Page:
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Steel Capacity Continues to Grow Despite Surplus
Jul 18,2012 14:14CST
smm insight
Source:SMM
China's iron and steel capacity has been in surplus for years, but new capacity continues to come online whilst downstream demand remains sluggish.

SHANGHAI, Jul 18 (SMM) -- China's iron and steel capacity has been in surplus for years, but new capacity continues to come online whilst downstream demand remains sluggish. Chinese government has been eliminating outdated capacity strictly recent years, but the effect of outdated capacity elimination on steel supply and demand is skeptical as steel capacity has been growing since 2005. The obsolete capacity elimination target decreased 262.44% in 2012 compared to the 28.27 million mt/yr in 2011.

According to the NBS, fixed assets investment by domestic iron and steel industry (ferrous metal smelting and rolling industry) from January through June totaled RMB 228.1 billion, up 9.4% YoY, 11 percentage points lower than total domestic FAI growth. As such, the low return of investment in the iron and steel industry curbed investors interest significantly. On the other hand, there is news reported that Baosteel's project in Zhanjiang has been suspended. But Steelease believes despite capacity surplus and prices maintain downward track, capacity should continue to grow.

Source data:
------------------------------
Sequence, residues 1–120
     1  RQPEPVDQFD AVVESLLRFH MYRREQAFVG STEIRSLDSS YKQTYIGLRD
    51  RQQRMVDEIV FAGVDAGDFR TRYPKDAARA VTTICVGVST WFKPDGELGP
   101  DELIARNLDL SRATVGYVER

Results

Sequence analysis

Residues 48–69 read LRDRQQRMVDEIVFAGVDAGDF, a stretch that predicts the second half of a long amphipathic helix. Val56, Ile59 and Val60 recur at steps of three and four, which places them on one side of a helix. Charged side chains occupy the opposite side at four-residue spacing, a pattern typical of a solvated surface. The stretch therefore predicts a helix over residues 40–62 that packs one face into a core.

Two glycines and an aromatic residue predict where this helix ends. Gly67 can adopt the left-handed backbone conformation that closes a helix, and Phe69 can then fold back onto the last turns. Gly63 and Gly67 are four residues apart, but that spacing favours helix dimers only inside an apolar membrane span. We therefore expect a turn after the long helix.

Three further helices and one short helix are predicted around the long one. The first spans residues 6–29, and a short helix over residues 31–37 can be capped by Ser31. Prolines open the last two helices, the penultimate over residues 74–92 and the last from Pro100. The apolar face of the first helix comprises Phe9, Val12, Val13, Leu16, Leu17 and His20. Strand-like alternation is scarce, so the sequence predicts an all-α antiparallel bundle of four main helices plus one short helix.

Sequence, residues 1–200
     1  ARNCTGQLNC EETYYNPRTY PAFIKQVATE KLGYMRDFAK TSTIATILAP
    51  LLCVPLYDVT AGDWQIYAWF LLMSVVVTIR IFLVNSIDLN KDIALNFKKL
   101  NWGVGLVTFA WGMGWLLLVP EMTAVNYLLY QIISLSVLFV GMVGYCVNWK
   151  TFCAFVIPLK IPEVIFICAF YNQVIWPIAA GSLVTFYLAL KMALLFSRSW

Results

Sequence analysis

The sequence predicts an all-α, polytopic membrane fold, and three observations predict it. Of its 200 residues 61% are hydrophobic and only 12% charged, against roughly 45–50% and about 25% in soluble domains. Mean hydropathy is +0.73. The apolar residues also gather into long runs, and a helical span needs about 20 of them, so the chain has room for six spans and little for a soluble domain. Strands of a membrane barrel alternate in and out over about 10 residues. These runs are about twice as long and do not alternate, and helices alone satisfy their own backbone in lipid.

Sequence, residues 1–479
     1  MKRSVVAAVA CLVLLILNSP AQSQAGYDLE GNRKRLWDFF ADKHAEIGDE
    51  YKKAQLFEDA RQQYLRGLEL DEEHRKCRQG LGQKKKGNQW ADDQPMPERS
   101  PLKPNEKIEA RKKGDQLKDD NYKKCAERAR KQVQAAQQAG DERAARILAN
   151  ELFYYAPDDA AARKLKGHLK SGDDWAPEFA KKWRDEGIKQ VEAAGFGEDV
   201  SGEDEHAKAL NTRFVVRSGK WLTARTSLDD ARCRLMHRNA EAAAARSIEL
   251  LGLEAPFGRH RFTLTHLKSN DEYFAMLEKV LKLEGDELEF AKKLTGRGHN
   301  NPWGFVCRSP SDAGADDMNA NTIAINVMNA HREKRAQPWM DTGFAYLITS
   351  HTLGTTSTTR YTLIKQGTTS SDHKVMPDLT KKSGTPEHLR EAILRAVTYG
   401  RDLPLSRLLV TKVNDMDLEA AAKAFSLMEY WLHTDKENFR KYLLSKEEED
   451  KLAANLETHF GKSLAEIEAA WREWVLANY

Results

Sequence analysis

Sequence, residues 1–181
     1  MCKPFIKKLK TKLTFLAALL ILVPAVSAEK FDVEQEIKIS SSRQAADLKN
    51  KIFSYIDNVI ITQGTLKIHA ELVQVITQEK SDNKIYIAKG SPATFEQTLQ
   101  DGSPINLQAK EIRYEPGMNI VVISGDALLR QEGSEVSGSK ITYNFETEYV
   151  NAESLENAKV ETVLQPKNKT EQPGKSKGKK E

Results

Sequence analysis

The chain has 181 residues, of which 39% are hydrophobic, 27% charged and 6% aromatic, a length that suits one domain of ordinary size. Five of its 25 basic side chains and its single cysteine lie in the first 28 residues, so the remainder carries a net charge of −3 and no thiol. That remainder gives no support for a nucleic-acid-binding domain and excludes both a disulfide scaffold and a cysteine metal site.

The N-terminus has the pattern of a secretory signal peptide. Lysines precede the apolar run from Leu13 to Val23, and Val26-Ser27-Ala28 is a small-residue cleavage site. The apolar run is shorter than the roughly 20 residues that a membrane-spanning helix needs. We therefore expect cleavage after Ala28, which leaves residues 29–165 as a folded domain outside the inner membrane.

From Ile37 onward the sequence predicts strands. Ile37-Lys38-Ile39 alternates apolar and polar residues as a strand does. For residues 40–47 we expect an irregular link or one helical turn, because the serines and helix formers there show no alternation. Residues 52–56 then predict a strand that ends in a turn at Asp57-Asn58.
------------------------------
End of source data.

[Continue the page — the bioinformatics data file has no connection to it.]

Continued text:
Capacities at private enterprises are hard to eliminate. SMEs were the largest contributor of steel output during 1H. With slowing GDP and slack demand for steel, steel plants were still aggressively releasing capacity to gain profit margins. As profit margins at most private enterprises are higher than SOEs, they are more efficient, so they will violate the market law if they exit the market or eliminate capacity.

On the other hand, capacities at SOEs are also hard to eliminate. SOEs belong to the country and are assets of Chinese government. Besides, SOEs have massive staffs and offer jobs to the society, and the responsibility to maintain the society steady. In addition, local governments were forced to loosen supervision to some obsolete or newly increased capacity so as to make achievement since China is in the face of slowing GDP growth and tax problems.
 

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